Originally Posted by vtcapo
I have the following anchors ... 33 lb Bruce as a lunch hook ... a 20 lb Hi-Tensile Danforth as a stern anchor ... I don’t see a need for the Fisherman in South Florida
or the Bahamas
. ... she takes up a lot of space and where do I store it?
Any suggestions would be appreciated….
PS BTW I would like to anchor on the St. Lucie River (my wife won’t go off shore), which is soft mud. I’ve used a Danforth without a problem. Will the Bruce do the job for an overnight stay?
The Bruce is a bit small for anchoring
overnight if judged solely against your displacement
, but I'm guessing your windage is low in proportion to displacement
, so provided you don't snatch at it, it may well be OK as long as you're on board.
Bruce anchors in "small sizes" (some say less than 45lb, others 35lb) have received a bad rap lately on the www.
I did a lot of anchoring
over many years on a 23' boat with a 20lb genuine Bruce, and the only time it dragged was in a very shallow anchorage in very soft mud, where in the course of a windy night it dragged 6 feet.
As I was moving ashore to mind a house for a friend (overlooking the boat) I laid out a big Bruce (66lb, with 5/8" chain) as a portable mooring
, expecting that would be definitive. Over the next two weeks, which included a couple of storms, it dragged 4 feet (I'd put down a marker buoy at the toe so I could check) which REALLY surprised me, but vindicated the 'small' Bruce somewhat. And confirmed my thoughts about the challenges of very shallow anchorages
(the yacht had a lift keel
and was in the shallowest water
possible to get inside a mooring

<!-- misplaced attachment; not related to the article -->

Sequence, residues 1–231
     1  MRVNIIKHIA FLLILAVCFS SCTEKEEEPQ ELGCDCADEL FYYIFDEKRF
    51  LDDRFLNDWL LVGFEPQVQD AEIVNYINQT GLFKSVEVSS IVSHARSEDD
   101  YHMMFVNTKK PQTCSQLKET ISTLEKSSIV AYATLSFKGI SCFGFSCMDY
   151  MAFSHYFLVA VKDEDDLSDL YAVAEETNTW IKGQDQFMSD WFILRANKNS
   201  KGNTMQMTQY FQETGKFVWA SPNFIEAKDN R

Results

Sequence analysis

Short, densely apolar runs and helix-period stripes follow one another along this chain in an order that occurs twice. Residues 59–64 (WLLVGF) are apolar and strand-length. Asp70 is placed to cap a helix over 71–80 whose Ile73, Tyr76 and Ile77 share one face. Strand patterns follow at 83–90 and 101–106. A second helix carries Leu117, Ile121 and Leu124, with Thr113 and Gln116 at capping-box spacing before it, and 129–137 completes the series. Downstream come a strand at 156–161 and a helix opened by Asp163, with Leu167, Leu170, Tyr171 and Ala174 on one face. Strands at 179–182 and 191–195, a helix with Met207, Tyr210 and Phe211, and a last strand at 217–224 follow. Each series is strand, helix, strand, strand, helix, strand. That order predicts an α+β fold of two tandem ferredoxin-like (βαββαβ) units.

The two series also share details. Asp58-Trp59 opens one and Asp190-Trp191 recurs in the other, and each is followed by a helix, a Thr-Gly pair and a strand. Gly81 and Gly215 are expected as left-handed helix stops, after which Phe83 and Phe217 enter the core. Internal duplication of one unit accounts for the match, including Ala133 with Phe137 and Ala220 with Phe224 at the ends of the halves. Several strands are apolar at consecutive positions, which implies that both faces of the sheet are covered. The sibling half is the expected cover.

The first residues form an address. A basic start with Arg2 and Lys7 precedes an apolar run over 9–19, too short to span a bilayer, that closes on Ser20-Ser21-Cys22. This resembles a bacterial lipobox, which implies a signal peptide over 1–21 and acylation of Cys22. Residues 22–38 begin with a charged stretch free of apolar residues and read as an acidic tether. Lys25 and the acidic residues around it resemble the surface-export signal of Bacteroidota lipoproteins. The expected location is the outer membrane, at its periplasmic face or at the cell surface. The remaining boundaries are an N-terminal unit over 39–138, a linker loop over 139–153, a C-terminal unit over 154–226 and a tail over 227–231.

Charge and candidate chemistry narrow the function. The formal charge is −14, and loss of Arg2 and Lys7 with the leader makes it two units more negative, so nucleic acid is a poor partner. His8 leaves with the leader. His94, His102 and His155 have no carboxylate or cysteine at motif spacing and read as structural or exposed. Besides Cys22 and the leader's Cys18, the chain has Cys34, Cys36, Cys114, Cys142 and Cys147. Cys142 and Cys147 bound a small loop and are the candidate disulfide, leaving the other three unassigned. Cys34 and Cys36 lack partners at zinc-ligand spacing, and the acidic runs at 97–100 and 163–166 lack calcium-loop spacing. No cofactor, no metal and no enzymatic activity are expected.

field). To put things in perspective, at least one "Real" (certified) mooring in the same bay moved during this period.
I wonder if people who cast aspersions at small Bruces are perhaps basing this on anchors which are actually small in relation to the vessel, which is a somewhat different question.
My experience suggests to me that a "small" Bruce can still be a good anchor provided it's generously sized in relation to the vessel.
Having said that, soft mud is where Danforth style anchors shine, provided you don't swing on them.
One way to ascertain how well the Bruce will hold would be to set it in the mud in question, then row the Danforth out astern and set that. Gentle them both in for a while by snugging and loosening either rode
. Then wait a while for nature to do some further work.
After a few hours, apply some serious load from a winch
and see which anchor comes back on board. (Remember the bow anchor is taking the vector sum of wind
load, in addition to the load taken by the stern anchor)
Fisherman anchors are often stowed (disassembled) in chocks on internal bulkheads, under the cabin sole
, or (particularly on bigger boats) against the hull
Incidentally it was interesting going on board the accurate replica of Capt James Cook's exploration sailing ship "Endeavour" some years ago: it seemed almost everywhere you looked down below spare anchors (huge fisherman types) were tucked away, built into nooks and crannies. When you've no engines, and no charts
(he was drawing them as he went) and there's too much breeze to tow the boat with the longboats, your anchors are all you have.